We work to ensure compliance with the Data Quality Act; see the following article from the New York Times http://www.thecre.com/quality/20020321_nytimes.htm
Regulatory Conflicts in CMS’s Proposed Medicaid Rule May Strip Same-Sex Spouses of Federal Financial Protections
CMS’s proposed Medicaid rule on patient protections for beneficiaries in nursing homes (if finalized as drafted) would create a conflict for Long-Term Care facility (nursing home) operators. The conflict would be between CMS’s proposed new regulatory requirements for LTC facilities and the exercise by some state Medicaid programs of their CMS-granted authority that permits the programs to not recognize same-sex marriages.
At issue is whether or not CMS is requiring LTC facility operators in states that do not recognize same-sex marriages to provide Medicaid’s federal “spousal impoverishment” (42 U.S.C. 1396r–5) financial protections to the same-sex spouses of beneficiaries irrespective of where they reside.
CMS has substantial discretion in how it implements the Supreme Court’s Windsor decision. The agency’s discretion is not, however, unlimited. Thus, even though Windsor doesn’t obligate CMS to force state Medicaid programs to recognize the out-of-state marriage licenses of gay couples, neither does it grant CMS the authority to nullify federal fair housing protections for Medicaid beneficiaries by accommodating the preference of states that refuse to honor the marriage licenses of gay couples.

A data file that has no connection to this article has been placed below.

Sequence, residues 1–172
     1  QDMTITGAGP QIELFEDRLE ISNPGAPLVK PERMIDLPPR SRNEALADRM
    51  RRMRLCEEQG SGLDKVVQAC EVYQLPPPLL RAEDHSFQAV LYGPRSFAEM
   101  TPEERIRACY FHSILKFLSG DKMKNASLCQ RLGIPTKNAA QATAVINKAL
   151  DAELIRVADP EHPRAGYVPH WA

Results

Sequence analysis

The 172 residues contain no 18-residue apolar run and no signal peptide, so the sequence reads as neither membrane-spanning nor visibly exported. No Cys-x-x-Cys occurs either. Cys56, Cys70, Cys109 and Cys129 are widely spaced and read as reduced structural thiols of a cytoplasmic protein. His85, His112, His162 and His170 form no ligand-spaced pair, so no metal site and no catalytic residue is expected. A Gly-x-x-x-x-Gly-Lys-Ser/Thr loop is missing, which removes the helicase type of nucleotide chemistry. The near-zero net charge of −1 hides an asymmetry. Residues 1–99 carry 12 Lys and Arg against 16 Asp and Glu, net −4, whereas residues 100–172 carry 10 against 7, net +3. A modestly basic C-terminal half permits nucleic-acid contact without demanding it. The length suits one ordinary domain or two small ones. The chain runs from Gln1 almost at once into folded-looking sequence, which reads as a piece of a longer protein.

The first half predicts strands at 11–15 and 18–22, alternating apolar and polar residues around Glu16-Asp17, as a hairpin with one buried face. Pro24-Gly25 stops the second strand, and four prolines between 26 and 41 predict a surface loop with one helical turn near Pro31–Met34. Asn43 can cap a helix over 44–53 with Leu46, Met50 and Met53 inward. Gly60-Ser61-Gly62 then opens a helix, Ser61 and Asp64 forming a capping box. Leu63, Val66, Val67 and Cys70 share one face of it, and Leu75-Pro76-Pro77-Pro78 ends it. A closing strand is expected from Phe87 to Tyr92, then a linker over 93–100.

From: A Sweet Life
Medicare and the FDA (Food and Drug Administration) are choosing to lower costs at the expense of your health. They are allowing cheap and faulty diabetes test strips into the marketplace. Test strips that have been proven — the FDA admits – to give inaccurate glucose readings.
This is dangerous for anyone who has diabetes, no matter what your age. We cannot allow this to continue and, together, we can stop it — and we must.
Plunging revenue from its blood-glucose monitors has forced Roche Diagnostics Corp. to cut its staff, the company informed its workers last week.
Roche, which operates its North American headquarters in Indianapolis, suffered a 14-percent decline in revenue in its diabetes care unit during the first six months of
the year. Roche has reportedly put that unit up for sale, according to a May report by the Reuters news agency.
By Bryan Thompson
Medicare patients who have diabetic testing supplies delivered to them experienced some changes this week.
It’s all part of an effort by the Medicare program to save money and cut down on fraud. But some people are worried about unintended consequences.
A public services announcement issued by Medicare attempts to lay out the changes for diabetic Medicare recipients:
“If you are covered by Original Medicare, and have diabetic testing supplies delivered to your home,” the narrator says. “You should know about a new mail-order program for diabetic testing supplies. It will allow you to continue getting quality supplies, while saving money.”